How to treat a severe transfusion extravasation with lipoaspiration

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The expedient removal of the extravasate using a lipoaspiration cannula restored perfusion immediately to the affected limb and negated the need for surgical fasciotomies” Amhaz et al (2016).

Abstract:

Peripheral intravenous cannulation in children is associated with occasional morbidity. We present a case where a large volume of blood, administered through a small peripheral cannula in the antecubital fossa, was found to have extravasated into the soft tissues, causing catastrophic vascular compromise. The expedient removal of the extravasate using a lipoaspiration cannula restored perfusion immediately to the affected limb and negated the need for surgical fasciotomies.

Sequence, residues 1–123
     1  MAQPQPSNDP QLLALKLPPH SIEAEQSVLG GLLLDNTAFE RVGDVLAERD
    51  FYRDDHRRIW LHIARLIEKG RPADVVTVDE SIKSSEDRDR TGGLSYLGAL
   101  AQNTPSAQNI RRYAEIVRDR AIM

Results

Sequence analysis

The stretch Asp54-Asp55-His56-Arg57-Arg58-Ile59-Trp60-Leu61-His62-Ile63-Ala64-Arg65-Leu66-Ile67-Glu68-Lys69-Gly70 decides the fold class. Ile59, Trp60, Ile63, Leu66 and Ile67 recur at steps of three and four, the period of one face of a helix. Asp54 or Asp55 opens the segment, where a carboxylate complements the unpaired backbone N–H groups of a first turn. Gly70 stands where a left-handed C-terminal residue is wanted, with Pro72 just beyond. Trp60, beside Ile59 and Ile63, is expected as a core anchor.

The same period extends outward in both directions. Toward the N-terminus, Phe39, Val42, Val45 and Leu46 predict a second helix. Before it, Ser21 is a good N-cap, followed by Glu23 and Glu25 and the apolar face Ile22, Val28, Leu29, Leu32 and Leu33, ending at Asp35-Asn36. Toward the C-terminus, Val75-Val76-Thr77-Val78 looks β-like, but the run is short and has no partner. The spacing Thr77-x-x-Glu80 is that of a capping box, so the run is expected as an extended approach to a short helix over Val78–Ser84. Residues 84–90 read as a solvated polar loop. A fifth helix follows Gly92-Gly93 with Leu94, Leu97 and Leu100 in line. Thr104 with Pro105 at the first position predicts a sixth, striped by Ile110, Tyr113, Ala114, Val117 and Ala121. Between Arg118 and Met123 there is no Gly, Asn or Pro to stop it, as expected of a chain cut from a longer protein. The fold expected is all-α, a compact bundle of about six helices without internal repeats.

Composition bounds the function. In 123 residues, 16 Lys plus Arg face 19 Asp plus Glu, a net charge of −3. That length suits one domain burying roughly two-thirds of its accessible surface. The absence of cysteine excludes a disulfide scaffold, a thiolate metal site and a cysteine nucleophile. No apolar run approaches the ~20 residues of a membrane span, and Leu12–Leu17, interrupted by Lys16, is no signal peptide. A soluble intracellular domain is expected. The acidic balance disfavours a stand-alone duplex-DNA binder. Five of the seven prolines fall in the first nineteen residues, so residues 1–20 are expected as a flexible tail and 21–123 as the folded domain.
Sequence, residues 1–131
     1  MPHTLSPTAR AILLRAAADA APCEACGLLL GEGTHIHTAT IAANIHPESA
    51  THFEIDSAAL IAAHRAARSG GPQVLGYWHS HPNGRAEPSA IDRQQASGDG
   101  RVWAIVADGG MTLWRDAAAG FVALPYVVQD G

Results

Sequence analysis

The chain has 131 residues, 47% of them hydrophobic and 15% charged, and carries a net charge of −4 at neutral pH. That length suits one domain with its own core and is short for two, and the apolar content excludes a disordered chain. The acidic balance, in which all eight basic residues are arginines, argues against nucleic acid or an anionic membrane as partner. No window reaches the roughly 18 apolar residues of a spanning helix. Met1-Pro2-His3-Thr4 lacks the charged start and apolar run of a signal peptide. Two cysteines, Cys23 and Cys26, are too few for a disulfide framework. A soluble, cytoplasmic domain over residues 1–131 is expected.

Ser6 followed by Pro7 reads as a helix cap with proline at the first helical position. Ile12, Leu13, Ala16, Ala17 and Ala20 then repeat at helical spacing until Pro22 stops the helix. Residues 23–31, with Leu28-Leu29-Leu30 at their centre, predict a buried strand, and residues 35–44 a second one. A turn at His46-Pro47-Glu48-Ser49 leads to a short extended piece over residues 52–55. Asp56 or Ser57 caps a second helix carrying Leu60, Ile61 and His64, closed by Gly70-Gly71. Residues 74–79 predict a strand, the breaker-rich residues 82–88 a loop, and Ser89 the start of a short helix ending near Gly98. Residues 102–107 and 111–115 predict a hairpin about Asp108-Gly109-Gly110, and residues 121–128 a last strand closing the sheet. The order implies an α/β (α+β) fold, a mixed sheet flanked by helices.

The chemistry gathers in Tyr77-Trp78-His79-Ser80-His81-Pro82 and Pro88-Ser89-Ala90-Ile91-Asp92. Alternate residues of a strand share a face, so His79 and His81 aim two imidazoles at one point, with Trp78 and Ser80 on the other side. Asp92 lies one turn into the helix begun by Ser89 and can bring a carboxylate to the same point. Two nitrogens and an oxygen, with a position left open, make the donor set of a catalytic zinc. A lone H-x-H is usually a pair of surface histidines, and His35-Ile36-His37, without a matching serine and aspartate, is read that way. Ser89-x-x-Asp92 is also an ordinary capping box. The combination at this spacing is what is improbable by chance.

Reference:

Amhaz, H.H., Buretta, K., Jooste, E.H., Machovec, K., Marcus, J.R. and Ames, W.A. (2016) Upper Extremity Peripheral Intravenous Line Infiltration With Concomitant Loss of Pulses Treated With Lipoaspiration: A Case Report. A & A Case Reports. August 22nd. [Epub ahead of print].

DOI: 10.1213/XAA.0000000000000381

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